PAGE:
Integration, Help needed!!

For students of class 11-12 (age 16+)
oro
Posts: 10
Joined: Thu Oct 24, 2013 11:36 pm

Integration, Help needed!!

Unread post by oro » Tue Mar 18, 2014 12:34 am

Please solve this problem.....
\[\int \frac {1}{\sqrt{x^4 -1} } dx\]

When i used "http://integrals.wolfram.com/" they've given me the following answer:
\[\frac {\sqrt{1-x^4} Elliptic F(sin^{-1}x|-1)}{\sqrt{x^4 -1} }\]
Please explain...
what does this"Elliptic integral of the first kind" expression means?
what does this mean: \[ F(sin^{-1}x|-1)\]
and how to get this answer?

Nirjhor
Posts: 136
Joined: Thu Aug 29, 2013 11:21 pm
Location: Varies.

Re: Integration, Help needed!!

Unread post by Nirjhor » Fri Aug 22, 2014 12:06 am

Simple trig subs should do the trick. Put \(x=\sqrt{\sec z}\) so that \(dx=\frac 1 2 \left(\sin z \sec^{3/2} z\right) dz\). Put these to get: \[\int \dfrac{dx}{\sqrt{x^4-1}}=\int\dfrac{\sin z\sec^{3/2} z}{2\tan z}dz=\int\dfrac{\cos z}{2\cos^{3/2} z}dz=\dfrac{1}{2}\int\sqrt{\sec z}~ dz.\]
That simplified a lot. But the last integral can't be expressed by elementary functions. Set \(z=2\theta\) so that \(dz=2d\theta\). Then we do some manipulations:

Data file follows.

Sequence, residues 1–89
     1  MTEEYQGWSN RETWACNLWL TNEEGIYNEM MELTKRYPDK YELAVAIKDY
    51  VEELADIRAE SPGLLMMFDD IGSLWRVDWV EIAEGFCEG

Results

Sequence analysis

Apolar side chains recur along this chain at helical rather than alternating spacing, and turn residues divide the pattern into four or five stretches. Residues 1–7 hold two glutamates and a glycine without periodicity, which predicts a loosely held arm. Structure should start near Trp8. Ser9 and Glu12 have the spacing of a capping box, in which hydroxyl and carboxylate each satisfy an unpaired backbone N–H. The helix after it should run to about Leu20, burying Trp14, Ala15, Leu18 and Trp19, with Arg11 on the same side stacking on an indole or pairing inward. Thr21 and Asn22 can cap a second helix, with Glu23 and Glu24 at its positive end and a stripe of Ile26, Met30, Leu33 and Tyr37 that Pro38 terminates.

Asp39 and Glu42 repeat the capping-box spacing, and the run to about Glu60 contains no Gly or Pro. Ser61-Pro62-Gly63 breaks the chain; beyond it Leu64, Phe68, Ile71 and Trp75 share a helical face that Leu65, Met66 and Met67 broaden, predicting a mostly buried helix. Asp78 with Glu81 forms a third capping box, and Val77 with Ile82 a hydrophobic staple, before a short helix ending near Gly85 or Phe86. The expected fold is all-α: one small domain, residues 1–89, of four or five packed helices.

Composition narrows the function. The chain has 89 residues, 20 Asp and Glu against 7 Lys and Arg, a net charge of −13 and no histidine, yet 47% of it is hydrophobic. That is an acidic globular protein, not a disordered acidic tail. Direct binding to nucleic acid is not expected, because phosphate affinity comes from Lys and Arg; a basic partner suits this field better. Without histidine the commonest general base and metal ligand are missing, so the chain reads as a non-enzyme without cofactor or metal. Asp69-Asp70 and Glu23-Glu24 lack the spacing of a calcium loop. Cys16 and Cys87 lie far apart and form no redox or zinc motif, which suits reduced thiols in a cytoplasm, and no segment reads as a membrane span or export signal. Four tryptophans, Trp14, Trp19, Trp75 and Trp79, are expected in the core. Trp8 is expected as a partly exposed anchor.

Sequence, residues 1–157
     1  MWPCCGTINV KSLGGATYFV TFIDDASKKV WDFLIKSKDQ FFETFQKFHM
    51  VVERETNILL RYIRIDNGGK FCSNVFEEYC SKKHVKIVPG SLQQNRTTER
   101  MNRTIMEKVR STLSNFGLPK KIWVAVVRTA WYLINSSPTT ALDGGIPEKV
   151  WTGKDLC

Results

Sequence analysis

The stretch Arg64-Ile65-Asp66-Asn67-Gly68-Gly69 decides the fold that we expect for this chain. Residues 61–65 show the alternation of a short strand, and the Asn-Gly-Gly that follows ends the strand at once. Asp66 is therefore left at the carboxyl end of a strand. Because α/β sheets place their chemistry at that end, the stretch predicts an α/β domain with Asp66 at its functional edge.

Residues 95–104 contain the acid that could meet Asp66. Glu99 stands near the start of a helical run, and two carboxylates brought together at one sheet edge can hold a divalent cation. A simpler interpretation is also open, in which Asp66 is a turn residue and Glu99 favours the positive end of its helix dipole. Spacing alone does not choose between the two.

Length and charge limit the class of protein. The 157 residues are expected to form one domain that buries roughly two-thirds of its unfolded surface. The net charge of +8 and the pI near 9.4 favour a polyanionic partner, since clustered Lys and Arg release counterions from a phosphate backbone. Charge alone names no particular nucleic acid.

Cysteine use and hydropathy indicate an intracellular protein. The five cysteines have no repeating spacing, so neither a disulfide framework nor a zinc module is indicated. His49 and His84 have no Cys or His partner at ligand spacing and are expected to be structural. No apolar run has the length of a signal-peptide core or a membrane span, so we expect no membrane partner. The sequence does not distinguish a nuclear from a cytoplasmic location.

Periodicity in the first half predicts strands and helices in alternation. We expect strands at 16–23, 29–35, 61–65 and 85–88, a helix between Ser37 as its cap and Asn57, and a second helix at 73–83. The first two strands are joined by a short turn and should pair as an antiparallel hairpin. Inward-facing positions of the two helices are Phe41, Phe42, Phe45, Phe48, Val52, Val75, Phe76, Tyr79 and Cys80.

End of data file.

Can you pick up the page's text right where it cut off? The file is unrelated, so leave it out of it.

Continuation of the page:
\[\dfrac 1 2\int\sqrt{\sec z}~dz=\int\dfrac{d\theta}{\sqrt{\cos 2\theta}}=\int\dfrac{d\theta}{\sqrt{1-2\sin^2\theta}}=\int_0^{\theta} \dfrac{dn}{\sqrt{1-2\sin^2 n}}+\text{C}=F\left(\theta\mid 2\right)+\text{C}.\]
Here \(F\left(\phi \mid k^2\right)=\displaystyle\int_0^\phi \dfrac{d\theta}{\sqrt{1-k^2\sin^2\theta}}\) is the incomplete elliptic integral of the first kind. Now just plug everything back:
\[F\left(\theta\mid 2\right)+\text{C}=F\left(\frac{z}{2}\mid 2\right)+\text{C}=\boxed{F\left(\frac{1}{2}\sec^{-1} x^2\mid 2\right)+\text{C}.}\]
Read here about the elliptic integrals. (http://en.wikipedia.org/wiki/Elliptic_integral)
- What is the value of the contour integral around Western Europe?

- Zero.

- Why?

- Because all the poles are in Eastern Europe.


Revive the IMO marathon.

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